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  1. #1
    jkd
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    Saving data across script executions

    So I have an imaginary share.php. Say 10 users are submitting data to that script - every time they submit their own data, they get the most recent submissions of others as their response.

    Now, this will happen very often, every couple of seconds at least. File IO is slow, so writing to a temporary file is terrible. Similarly, hitting a DB everytime feels very inefficient (though I suppose if the DB is smart, it'll keep the row in memory so I just suffer a few API calls but no real File IO or processing costs).

    I'm under the impression the mod_php keeps the same interpretter running for all script calls, so it seems reasonable that I should be able to modify the actual interpretter's state with data (or do the functional equivalent - perhaps some deliberately exposed "Global" object). I know that Java servlets are perfect for this, but I'm unfortunately limited to a PHP environment.

    Ultimately, is there any way in PHP to save data directly to the interpretter's state, so subsequent script executions can pull the data directly from memory and alter it themselves instead of relying on some indirect data storage mechanism?

  • #2
    raf
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    Quote Originally Posted by jkd
    Ultimately, is there any way in PHP to save data directly to the interpretter's state, so subsequent script executions can pull the data directly from memory and alter it themselves instead of relying on some indirect data storage mechanism?
    i don't think so, no.
    the biggest disappointment for me, when i started with PHP, is that there isn't something as an application-object. but to be honest: i never actually couldn't do something because this was missing.

    i would try using a db, because it's simple to set up a small testscript and db-table, so you shouldn't waste to much time on finding out if this sollution is performant enough.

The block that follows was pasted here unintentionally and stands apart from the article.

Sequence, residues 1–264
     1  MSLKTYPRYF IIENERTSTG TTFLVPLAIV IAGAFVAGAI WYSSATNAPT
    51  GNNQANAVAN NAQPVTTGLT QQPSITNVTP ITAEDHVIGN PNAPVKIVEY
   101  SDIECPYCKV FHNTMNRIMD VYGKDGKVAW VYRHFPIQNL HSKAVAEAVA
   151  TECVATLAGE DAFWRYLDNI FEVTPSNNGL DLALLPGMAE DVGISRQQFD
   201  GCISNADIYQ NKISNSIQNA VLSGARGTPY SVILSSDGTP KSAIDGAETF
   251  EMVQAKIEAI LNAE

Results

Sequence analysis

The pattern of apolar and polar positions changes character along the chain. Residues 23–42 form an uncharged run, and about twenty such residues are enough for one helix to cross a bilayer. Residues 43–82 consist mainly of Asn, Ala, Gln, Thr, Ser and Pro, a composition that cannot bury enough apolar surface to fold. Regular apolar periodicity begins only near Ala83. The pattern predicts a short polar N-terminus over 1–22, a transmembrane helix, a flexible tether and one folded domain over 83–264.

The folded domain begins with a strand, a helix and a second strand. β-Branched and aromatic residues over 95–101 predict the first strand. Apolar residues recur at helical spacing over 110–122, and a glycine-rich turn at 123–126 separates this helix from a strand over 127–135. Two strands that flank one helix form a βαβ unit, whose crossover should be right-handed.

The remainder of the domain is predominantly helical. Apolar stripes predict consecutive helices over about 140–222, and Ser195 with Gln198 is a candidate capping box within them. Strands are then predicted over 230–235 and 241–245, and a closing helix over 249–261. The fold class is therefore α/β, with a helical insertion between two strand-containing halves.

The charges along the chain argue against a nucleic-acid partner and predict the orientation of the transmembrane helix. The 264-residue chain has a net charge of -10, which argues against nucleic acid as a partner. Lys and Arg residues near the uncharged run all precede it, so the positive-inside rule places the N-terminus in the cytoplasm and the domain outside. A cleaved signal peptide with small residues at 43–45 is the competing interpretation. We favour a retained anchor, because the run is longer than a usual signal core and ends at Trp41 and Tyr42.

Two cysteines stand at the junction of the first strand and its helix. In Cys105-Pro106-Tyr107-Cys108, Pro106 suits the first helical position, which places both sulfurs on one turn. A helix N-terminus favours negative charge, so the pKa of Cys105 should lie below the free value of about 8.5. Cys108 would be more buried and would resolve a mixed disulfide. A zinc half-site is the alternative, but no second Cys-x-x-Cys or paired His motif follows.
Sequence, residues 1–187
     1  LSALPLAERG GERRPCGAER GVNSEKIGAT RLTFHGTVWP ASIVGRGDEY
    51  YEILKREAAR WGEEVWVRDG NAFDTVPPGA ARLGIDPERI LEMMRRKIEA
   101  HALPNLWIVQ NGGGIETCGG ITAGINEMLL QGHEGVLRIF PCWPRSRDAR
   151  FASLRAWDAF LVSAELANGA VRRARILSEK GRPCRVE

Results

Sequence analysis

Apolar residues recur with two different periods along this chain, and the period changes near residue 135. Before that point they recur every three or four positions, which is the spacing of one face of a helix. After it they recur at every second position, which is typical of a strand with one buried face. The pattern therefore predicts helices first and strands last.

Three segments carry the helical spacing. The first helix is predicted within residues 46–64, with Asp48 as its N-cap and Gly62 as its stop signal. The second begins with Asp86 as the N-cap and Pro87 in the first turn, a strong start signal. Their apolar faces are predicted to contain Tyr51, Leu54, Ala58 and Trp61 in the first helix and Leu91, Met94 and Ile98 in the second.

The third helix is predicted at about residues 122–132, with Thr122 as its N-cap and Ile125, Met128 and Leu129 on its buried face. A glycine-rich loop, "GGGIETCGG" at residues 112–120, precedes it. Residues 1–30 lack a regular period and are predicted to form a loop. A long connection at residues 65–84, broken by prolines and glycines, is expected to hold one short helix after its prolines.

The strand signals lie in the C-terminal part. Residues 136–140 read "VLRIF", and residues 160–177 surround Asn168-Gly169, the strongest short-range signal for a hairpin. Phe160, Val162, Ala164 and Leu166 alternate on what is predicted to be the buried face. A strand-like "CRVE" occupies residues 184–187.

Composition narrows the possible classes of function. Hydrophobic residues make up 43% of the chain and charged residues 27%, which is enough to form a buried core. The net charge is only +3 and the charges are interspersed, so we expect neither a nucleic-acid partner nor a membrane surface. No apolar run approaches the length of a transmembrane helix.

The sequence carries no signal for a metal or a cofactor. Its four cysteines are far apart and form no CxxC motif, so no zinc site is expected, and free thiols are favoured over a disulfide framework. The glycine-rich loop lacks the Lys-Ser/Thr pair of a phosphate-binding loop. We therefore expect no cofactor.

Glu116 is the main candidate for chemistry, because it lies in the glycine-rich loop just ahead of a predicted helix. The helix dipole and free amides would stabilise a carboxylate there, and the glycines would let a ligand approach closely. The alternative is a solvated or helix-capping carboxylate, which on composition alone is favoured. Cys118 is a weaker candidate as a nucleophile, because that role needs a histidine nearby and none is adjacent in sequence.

depending on the choosen db, you'll be able to use some optimalisations. if you for instance use mysql, then you can use the recordset-buffering feature to get faster returns.

    obviously, a db has more overhead then writing the data to and from a textfile, but using a db will give you more flexability (for selects, sorting, agregations, ...) and has a lower lock-level then using files. so i would first try a db-approach and only look for an alternative if the db realy is a noticable bottleneck.
    Posting guidelines I use to see if I will spend time to answer your question : http://www.catb.org/~esr/faqs/smart-questions.html

  • #3
    fci
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    mysql has a heap storage engine which could be useful...
    http://dev.mysql.com/doc/refman/5.0/...ge-engine.html
    Last edited by fci; 06-23-2006 at 02:03 PM.

  • #4
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    you could use shared memory.. though its only practical for smaller amounts of data look at shmop

    I have seen this used in conjunction with a small standalone socket server which you could load as a resource (if you were bored enough to write one )
    resistance is...

    MVC is the current buzz in web application architectures. It comes from event-driven desktop application design and doesn't fit into web application design very well. But luckily nobody really knows what MVC means, so we can call our presentation layer separation mechanism MVC and move on. (Rasmus Lerdorf)

  • #5
    jkd
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    Both the Heap/Memory MySQL feature and the shmop (*excellent* name, btw) seem to be about as close as I'm going to get. Thanks!


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